What an awesome scene.
Army military helicopters flying in on the North Vietnamese, guns blazing, as Wagner's "Ride of the Valkyries" plays from loudspeakers. This wasn't reality – though rumor has it tankers in Desert Storm did the same thing – it was from the film "Apocalypse Now."
So from biblical times to post-9/11, here are few contemporary examples of armies using music against the enemy.
1. Metallica, "Enter Sandman" – Guantanamo Bay, Cuba
Clive Stafford Smith, the founder of the Human Rights Group Reprieve, detailed the use of music on detainees in the U.S. military prison at Guantanamo Bay. The group says music was used at "earsplitting" volume and on repeat to shock and break prisoners into confessing crimes, and it worked. The detainees allegedly confessed to crimes they couldn't physically have committed – anything to make the music stop.
"Part of me is proud because they chose Metallica," frontman James Hetfield said in an interview with 3SAT, a German media outlet. "And part of me is bummed that people worry about us being attached to some political statement because of that... politics and music for us don't mix."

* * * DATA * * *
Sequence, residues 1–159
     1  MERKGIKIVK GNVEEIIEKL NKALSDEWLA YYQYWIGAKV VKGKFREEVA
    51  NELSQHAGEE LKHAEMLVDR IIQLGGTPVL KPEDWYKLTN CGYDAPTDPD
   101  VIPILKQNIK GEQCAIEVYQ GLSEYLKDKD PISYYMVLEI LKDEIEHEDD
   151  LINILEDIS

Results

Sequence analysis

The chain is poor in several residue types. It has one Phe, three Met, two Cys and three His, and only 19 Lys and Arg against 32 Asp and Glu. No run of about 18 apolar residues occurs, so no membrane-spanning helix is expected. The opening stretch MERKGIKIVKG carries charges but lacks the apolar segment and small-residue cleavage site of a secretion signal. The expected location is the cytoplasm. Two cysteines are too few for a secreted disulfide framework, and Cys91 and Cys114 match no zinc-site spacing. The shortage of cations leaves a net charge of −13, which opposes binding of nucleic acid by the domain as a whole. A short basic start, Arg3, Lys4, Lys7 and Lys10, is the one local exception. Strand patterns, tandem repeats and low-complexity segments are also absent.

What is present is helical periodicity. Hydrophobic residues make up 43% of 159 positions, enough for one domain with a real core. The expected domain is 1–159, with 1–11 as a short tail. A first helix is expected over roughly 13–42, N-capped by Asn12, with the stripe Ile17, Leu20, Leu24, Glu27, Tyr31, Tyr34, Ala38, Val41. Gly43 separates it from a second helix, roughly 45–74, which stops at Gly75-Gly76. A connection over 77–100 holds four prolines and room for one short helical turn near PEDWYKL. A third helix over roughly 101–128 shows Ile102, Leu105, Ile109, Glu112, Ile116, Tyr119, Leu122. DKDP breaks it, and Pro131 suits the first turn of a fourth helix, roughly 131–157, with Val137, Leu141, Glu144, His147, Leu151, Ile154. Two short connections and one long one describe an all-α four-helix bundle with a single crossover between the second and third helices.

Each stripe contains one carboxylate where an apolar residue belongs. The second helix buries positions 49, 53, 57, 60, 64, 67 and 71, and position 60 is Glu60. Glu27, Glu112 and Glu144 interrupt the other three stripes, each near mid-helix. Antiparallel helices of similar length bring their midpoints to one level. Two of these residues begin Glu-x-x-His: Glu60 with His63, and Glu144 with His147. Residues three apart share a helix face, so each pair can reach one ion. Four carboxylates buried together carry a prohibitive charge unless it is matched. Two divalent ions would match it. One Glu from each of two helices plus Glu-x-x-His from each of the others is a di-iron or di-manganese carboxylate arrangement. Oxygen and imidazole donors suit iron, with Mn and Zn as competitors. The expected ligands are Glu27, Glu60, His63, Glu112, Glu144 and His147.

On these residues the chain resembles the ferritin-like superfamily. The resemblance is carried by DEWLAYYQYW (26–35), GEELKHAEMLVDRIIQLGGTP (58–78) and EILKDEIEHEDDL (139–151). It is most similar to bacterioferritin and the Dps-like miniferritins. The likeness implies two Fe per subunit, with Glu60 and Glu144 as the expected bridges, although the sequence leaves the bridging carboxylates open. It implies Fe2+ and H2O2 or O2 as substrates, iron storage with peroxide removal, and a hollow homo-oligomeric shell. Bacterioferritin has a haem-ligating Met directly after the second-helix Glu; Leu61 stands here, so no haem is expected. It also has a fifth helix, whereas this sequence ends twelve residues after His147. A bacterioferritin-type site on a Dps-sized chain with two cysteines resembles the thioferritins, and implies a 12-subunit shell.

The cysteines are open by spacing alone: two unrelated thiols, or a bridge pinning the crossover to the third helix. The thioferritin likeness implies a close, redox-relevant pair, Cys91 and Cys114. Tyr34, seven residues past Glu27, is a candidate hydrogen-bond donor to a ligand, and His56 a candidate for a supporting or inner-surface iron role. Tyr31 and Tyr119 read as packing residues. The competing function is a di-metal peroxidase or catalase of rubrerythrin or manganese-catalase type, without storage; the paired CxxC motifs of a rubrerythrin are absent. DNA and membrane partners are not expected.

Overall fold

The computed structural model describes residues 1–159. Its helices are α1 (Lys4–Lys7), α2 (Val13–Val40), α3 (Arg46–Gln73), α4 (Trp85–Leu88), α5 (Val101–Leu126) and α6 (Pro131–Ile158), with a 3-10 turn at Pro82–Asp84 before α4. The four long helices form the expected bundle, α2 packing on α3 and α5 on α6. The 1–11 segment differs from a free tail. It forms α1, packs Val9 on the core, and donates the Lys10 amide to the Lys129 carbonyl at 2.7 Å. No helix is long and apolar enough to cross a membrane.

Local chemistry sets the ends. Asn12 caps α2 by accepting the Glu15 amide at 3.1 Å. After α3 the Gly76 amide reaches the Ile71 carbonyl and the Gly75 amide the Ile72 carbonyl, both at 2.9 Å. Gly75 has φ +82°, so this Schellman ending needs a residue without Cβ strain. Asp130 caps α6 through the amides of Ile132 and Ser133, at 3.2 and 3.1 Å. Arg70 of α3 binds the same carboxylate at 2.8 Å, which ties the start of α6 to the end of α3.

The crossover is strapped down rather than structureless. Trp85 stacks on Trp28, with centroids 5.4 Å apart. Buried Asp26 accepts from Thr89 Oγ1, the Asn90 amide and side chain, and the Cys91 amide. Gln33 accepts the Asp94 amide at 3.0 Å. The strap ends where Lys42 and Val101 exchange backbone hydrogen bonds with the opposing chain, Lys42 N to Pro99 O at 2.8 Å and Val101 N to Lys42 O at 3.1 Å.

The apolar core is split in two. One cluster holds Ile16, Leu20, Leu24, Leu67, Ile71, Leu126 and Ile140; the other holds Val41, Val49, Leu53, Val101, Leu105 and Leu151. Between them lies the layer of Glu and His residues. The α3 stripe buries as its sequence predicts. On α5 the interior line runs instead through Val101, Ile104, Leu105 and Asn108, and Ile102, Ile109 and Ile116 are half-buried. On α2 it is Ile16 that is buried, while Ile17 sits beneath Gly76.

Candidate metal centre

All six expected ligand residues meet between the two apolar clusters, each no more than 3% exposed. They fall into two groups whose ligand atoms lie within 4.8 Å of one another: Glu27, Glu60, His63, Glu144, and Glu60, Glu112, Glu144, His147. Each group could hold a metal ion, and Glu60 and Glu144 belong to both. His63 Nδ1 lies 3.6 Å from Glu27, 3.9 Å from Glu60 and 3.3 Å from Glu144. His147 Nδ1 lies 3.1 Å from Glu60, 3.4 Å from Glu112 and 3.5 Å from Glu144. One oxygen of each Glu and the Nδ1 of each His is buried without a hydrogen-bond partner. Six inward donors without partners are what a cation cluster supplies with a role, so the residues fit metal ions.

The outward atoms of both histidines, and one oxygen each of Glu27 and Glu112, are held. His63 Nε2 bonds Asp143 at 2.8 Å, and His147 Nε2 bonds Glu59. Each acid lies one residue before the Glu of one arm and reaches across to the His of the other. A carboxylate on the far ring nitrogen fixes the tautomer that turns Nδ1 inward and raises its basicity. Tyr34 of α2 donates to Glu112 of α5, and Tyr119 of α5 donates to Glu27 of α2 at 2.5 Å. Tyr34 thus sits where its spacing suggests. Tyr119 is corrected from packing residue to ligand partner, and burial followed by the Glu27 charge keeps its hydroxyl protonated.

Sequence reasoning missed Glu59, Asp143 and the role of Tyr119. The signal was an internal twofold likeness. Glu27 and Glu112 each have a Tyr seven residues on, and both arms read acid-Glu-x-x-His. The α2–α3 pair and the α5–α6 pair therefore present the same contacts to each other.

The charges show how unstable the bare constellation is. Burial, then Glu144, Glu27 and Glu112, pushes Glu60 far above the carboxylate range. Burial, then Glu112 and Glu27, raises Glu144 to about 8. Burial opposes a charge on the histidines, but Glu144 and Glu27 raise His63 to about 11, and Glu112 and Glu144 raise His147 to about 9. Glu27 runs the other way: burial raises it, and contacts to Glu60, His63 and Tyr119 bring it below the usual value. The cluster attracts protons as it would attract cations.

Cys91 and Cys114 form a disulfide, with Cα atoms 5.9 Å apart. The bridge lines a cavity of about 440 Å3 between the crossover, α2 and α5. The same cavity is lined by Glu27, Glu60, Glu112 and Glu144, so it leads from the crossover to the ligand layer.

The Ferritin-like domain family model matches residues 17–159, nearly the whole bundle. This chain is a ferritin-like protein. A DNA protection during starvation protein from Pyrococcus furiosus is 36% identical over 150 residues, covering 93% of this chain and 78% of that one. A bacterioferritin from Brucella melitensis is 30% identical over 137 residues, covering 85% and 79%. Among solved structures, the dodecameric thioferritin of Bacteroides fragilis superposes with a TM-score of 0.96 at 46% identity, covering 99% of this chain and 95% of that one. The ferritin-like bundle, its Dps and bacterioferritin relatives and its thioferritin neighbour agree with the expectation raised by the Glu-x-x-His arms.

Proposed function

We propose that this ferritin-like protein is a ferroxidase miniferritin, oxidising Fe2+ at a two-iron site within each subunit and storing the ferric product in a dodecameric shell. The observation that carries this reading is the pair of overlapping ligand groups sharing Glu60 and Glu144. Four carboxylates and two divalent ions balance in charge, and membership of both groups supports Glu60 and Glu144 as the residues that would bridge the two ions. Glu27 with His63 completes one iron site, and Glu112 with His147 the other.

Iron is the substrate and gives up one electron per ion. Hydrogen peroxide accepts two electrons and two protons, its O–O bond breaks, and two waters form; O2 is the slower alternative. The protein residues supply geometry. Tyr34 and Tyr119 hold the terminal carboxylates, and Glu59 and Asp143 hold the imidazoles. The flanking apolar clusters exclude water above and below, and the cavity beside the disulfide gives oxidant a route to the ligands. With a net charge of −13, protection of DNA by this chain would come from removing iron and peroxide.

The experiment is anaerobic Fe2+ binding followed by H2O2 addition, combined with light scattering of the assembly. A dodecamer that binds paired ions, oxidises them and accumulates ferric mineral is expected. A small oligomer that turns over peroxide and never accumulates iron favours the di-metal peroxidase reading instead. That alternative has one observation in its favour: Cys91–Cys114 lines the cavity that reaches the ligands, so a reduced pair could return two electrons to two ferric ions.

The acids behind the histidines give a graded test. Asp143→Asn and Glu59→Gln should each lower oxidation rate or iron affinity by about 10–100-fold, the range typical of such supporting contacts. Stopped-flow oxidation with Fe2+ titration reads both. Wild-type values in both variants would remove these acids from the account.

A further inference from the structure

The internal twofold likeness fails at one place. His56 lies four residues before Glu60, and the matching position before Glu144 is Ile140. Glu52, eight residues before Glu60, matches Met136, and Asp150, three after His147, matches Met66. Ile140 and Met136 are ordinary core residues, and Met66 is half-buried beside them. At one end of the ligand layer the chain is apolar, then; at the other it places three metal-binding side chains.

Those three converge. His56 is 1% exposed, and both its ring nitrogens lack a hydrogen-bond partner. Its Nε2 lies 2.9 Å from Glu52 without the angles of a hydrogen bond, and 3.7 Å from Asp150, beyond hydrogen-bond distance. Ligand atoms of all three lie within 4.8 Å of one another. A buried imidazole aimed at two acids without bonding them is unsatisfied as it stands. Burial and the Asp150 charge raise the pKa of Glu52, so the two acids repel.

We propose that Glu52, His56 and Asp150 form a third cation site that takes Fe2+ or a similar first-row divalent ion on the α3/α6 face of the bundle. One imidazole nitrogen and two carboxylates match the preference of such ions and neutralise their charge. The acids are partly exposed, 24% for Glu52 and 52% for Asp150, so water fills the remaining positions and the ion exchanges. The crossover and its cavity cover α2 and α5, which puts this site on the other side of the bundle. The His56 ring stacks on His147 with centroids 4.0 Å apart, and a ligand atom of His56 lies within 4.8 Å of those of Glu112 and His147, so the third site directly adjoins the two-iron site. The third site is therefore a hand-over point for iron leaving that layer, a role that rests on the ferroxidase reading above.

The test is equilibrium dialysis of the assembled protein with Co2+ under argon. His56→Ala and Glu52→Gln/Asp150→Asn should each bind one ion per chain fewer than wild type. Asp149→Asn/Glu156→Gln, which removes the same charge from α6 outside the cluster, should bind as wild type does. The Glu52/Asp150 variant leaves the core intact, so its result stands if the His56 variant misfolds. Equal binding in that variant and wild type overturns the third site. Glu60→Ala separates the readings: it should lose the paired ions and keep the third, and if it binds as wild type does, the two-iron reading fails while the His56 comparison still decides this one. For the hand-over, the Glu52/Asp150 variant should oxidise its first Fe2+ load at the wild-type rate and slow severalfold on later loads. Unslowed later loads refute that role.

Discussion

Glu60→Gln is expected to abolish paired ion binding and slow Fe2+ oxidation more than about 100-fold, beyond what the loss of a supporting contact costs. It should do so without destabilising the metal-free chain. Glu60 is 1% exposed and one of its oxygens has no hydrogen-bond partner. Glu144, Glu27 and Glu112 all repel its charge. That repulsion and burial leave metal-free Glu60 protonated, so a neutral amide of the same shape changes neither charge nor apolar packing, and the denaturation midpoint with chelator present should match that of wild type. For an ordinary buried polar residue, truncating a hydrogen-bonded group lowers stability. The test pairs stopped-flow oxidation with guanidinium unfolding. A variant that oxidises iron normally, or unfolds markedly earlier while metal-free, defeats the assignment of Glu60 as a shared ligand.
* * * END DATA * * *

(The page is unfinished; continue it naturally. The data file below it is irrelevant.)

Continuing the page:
2. 4Minute, "HUH (Hit Your Heart)" – Korean DMZ
The main feature of the Korean Demilitarized Zone are the thousands of North and South Korean (and U.S.) troops literally staring each other down, daring each other to try something cute. It's an intense area and you can cut through the tension with a knife. Each has tried a number of "cute" things to irk the others, including fake cities, propaganda billboards, and ax murders. In 2010, the weapon of choice became Korean pop music.
3. Britney Spears, "Oops! I Did It Again" – Horn of Africa
By 2013, the Somali pirate fleet operating in the Horn of Africa was such a problem, the UK's Royal Navy had 14 warships on alert in the area. Attacks have decreased since then, thanks to increased attention by international naval patrols. But there are a few merchant mariners who think Britney Spears might have had a hand in it as well.
4. Martha and the Vandellas, "Nowhere to Run" – Operation Just Cause
In December 1989, the United States invaded Panama after its leader Gen. Manuel Noriega discarded the results of a national election and Panamanian troops killed a U.S. Marine and wounded another. American troops were sent to safeguard its citizens lives, enforce the election results, and capture and extradite Noriega to the United States.